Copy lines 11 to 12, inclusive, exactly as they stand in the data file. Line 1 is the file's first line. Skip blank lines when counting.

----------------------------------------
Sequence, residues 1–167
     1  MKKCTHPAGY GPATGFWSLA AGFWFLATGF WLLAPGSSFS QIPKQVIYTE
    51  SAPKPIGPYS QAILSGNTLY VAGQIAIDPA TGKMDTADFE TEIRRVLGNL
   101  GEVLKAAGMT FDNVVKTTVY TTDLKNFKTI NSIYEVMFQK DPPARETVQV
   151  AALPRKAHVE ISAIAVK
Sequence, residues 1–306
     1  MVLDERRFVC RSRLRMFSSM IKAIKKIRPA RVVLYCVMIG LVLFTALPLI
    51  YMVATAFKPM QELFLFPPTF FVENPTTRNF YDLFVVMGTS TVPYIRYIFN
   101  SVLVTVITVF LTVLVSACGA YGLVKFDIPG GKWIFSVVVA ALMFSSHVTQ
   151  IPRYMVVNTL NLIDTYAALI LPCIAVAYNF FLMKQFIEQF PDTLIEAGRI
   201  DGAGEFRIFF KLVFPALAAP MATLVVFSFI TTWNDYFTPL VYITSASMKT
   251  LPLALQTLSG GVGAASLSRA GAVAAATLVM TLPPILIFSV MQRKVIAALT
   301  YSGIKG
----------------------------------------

   201  DGAGEFRIFF KLVFPALAAP MATLVVFSFI TTWNDYFTPL VYITSASMKT
   251  LPLALQTLSG GVGAASLSRA GAVAAATLVM TLPPILIFSV MQRKVIAALT